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People Under the Sea: History - Timeline

1774: Freminet devises a bellow powered surface air supply system allowing divers to go to 45 feet for one hour.

1823: Charles Anthony Deane, an English inventor, patented a "smoke helmet" for fighting fires. At some point in the next few years, it was used for diving as well. The helmet fit over a man's head and was held on with weights. Air was supplied from the surface through a hose allowing allowing a diver to submerge up to 70 feet.

1825: Englishman William James invented first workable, full-time SCUBA. It incorporated a cylindrical belt around the diver's trunk that served as an air reservoir at 450 pounds per square inch (psi). A diver could remain under water for up to 7 minutes at depths up to 11 feet.

1837: Augustus Siebe, a German-born inventor living in England, sealed Deane's diving helmet (see 1823) to a watertight, air-containing rubber suit. The closed diving suit, connected to an air pump on the surface, became the first effective standard diving dress and the prototype of hard-hat rigs is still used today. The suit allowed one to stay submerge underwater for up to 30 minutes and to dive to depth of 65 feet.

1838: W. H. Talyor invents the first armored diving suit that allow a diver to submerge to a depth of 150 feet.

1865: Frenchmen Benoit Rouquayrol and Auguste Denayrouse, a mining engineer and naval lieutenant respectively, patented an apparatus for underwater breathing. It consisted of a horizontal steel tank of compressed air at about 250-350 psi on a diver's back, connected through a valve arrangement to a mouthpiece. Patented as the "Aerophore," the device delivered air only when the diver inhaled, via a membrane that was sensitive to outside water pressure. In effect, it was the first demand regulator for underwater use. With this apparatus, the diver was tethered to the surface by a hose that pumped fresh air into the low-pressure tank, but the diver was able to disconnect the tether and dive with just the tank on the diver's back for a few minutes. The aerophore was a forerunner of modern scuba equipment.

1876: An English merchant seaman, Henry A. Fleuss, developed the first workable, self-contained diving rig that used compressed oxygen rather than compressed air. In this prototype of closed-circuit scuba, which was the forerunner of modern closed circuit scuba units used by military divers, carbon dioxide was absorbed by rope soaked in caustic potash, so that exhaled air could be re-breathed, and no bubbles entered the water. Although depths were limited to about 25 feet, the apparatus allowed for relatively long bottom times, up to three hours.

1917: The U.S. Bureau of Construction & Repair first introduced the Mark V Diving Helmet. When attached to a deep-sea dress and umbilical, the Mark V became the underwater workhorse for decades to come. It was used for practically all salvage work undertaken during World War II.

1933: French navy captain Yves Le Prieur modified the Rouquayrol-Denayrouse invention (see 1865) by combining a specially designed demand valve with a high pressure air tank (1500 psi) to give the diver complete freedom from restricting hoses and lines. The apparatus contained no regulator. The diver received a breath of fresh air by opening a tap, while exhaled air escaped into the water under the edge of the diver's mask. The apparatus allowed a diver to journery underwater for upto ten minutes and to deepths of 40 feet. In 1935, Le Prieur's SCUBA was adopted by the French navy.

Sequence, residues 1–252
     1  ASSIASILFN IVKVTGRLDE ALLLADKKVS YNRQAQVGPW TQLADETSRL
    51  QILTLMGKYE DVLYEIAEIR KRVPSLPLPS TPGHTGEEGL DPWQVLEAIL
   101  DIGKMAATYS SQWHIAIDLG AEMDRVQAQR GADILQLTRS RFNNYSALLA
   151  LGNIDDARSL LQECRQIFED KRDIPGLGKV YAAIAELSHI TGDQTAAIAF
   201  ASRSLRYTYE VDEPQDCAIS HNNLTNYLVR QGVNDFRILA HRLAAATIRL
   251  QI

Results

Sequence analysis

1942-43: Jacques-Yves Cousteau, a French naval lieutenant, and Emile Gagnan, an engineer for Air Liquide (a Parisian natural gas company), worked together to redesign a car regulator that would automatically provide compressed air to a diver on his slightest intake of breath. Cousteau and Gagnan attached their new demand valve regulator to hoses, a mouthpiece and a pair of compressed air tanks. In January 1943, Cousteau tested the unit in the cold Marne River outside Paris. After a modification, they patented the Aqua Lung. The Gagnan-Cousteau regulator fundamentally altered diving. Its simple design and solid construction provided a reliable, low-cost unit for diving. In October 1943, Dumas, in a carefully planned dive, descended to 210 feet in the Mediterranean Sea and experienced "l'ivresse des grandes profondeurs," rapture of the great depths.

1947: In August, Dumas made a record dive with the Aqua Lung to 307 feet in the Mediterranean Sea

1962: Beginning in 1962, several experiments were conducted where people lived in underwater habitats, using scuba equipment to leave the habitat for exploration and returning for sleeping, eating and relaxing. The habitats were supplied by compressed air from the surface. The first such experiment, Conshelf (Continental Shelf) One, took place in September 1962. Under the watchful eye of Jacques Cousteau and his team, Albert Falco and Claude Wesley spent seven days under 33 feet of water near Marseilles in a habitat they name Diogenes.

1963-1965: In 1963, eight divers lived in Conshelf Two under the Red Sea for a month. Other habitats of this period were Sealab I (1964), Sealab II (1965) and Conshelf Three (1965), in which former astronaut Scott Carpenter and other divers spent a month at 60 meters off the coast of southern France.

1968: On October 14, John J. Gruener and R. Neal Watson dove to 437 feet breathing compressed air off coast of Grand Bahama Island. This record would not be broken until 1990.

1990: On February 14, 1990, Bret Gilliam dove 452 feet off the coast of Honduras (Roatan). He descended in 4 minutes 41 seconds and stayed at depth one minute 40 seconds.

1994: On March 18, 1994, Daniel J. Manion, M.D. dove to 510 feet on Clifton's Wall, Nassau, The Bahamas.

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